Following the vote to leave the EU there has been a non-stop onslaught of news, analysis and claims about what Brexit will mean for the UK and Europe, and what the future holds. Nowhere more so will the effects of Brexit be felt than in law, where EU law features predominantly. As law students, the future is particularly unclear as to what Brexit means. What laws will change, how will modules shape up and will there still be a need to learn EU law?
Here are how the compulsory subjects required for a qualifying law degree by the Solicitors Regulation Authority (SRA) and Bar Standards Board (BSB) may be affected.
Focusing on the principles of our constitution and how they apply, this module could well feature Brexit in the future. Whilst the doctrines of parliamentary sovereignty, rule of law and separation of powers will of course remain ever relevant, the question ‘is the sovereignty of Parliament impacted by the UK’s membership of the EU?’, an old examiners favourite, may finally be laid to rest.
Tort law is largely derived from English common law, and such would not be directly impacted by Brexit. Where Parliament has passed law in order to comply with EU directives, these statutes would remain in force until amended or repealed.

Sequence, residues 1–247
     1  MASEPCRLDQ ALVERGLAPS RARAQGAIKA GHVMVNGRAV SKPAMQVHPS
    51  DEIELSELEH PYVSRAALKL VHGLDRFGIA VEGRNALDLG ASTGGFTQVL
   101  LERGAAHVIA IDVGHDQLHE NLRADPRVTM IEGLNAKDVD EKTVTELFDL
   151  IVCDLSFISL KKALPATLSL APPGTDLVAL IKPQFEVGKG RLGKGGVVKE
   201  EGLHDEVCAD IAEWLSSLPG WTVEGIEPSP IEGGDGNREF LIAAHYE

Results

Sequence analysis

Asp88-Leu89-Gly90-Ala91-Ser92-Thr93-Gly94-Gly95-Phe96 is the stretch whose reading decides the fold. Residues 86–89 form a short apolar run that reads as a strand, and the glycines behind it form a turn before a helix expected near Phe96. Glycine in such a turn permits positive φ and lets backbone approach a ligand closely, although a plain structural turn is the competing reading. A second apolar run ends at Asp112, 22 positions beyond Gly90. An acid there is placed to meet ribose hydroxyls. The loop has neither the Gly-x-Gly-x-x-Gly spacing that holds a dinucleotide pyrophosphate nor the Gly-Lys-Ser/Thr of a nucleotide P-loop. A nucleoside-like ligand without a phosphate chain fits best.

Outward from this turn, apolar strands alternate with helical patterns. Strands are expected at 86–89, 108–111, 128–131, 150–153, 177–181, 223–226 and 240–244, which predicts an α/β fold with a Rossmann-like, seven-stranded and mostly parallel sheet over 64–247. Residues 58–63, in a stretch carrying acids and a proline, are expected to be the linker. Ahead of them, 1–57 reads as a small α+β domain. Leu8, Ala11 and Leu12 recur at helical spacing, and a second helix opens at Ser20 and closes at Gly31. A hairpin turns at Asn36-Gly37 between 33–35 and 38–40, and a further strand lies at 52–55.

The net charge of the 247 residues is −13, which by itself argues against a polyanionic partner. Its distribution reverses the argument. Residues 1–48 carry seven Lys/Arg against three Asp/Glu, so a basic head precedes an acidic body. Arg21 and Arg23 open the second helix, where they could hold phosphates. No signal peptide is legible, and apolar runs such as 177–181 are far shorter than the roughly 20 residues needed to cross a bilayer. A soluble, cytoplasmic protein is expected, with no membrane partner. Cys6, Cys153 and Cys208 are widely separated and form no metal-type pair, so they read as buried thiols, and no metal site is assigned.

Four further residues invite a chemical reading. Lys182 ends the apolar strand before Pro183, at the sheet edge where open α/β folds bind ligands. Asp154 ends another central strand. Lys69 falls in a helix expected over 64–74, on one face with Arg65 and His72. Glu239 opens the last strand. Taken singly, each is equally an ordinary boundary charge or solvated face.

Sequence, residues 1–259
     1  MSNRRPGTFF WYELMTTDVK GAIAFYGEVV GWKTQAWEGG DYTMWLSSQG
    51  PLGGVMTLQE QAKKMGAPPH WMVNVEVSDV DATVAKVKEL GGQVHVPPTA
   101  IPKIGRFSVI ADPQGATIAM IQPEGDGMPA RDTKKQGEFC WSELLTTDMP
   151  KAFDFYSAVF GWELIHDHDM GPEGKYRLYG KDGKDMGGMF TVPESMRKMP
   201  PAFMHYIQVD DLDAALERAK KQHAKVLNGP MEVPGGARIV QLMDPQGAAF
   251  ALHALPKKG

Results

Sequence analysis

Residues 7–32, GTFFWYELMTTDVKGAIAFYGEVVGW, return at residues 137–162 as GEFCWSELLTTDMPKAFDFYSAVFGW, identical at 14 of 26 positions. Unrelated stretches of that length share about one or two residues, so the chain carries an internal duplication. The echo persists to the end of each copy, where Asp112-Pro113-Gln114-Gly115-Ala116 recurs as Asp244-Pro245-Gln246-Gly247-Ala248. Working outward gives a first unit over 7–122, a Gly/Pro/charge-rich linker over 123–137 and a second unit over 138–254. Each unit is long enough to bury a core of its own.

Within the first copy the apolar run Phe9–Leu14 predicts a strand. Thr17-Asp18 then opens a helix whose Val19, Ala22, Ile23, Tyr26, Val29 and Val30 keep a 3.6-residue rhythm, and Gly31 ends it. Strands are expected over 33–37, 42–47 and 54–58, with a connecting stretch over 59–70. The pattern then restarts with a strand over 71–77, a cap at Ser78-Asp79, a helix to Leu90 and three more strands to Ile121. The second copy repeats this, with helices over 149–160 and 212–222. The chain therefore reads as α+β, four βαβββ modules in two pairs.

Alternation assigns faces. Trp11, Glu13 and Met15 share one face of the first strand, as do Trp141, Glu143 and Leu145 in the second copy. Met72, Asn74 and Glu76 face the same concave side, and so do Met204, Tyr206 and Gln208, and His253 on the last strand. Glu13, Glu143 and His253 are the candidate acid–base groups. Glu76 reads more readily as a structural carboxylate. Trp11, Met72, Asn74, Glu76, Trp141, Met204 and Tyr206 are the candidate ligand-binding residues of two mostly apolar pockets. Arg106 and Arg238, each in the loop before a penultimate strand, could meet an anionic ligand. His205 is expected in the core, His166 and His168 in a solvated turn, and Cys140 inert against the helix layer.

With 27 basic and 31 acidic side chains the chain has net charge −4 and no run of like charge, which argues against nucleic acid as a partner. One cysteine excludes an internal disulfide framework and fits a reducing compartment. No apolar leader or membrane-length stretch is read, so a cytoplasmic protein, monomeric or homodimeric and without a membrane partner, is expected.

In the short term this would mean little to no change for students studying tort law. However now Parliament no longer has to take any EU directives into account when legislating, more drastic reforms of the law are possible and students should take up a healthy interest in current events to keep up with legislative changes.
Much like tort law, contract law is derived largely from English common law, and so not directly impacted by the effects of Brexit.
However the interpretation of contracts remains a key element of the current law module. There may be debate or disagreement regarding how courts should interpret a contract designed to be governed by English law, with EU law integration, in the new post Brexit English legal system. Whether a new set of conditions for interpretation needs to be applied may be something students could be expected to learn.
If there is one module of a law degree that is going to change drastically, then surely EU law is it. As EU law could possibly no longer apply, there may be no need to learn directives, regulations, the Treaty of the Functioning European Union, or even cases such as the classic R v Secretary of State for Transport, ex parte Factortame Ltd and others  1 All ER 70.
However as there is currently no guarantee on how the English legal system will look post Brexit. Depending on the outcome of negotiations, EU law may remain just as relevant. Should the UK adopt a Norwegian module, then EU law will continue to apply. Furthermore, it is widely acknowledged that knowledge of EU law would continue to be valuable, either due to the EU remaining a major trading partner, or as a basis for a route into more specialised areas of law.
It’s clear then that whatever the eventual result of the UK’s decision to leave the EU, a knowledge of EU law will remain useful and highly prized in your legal career. Our advice for any students who are midway through their law degree, or about to start one, is ‘’don’t burn your EU law textbooks yet!”
Written by Joe Beet – OULS News Reporter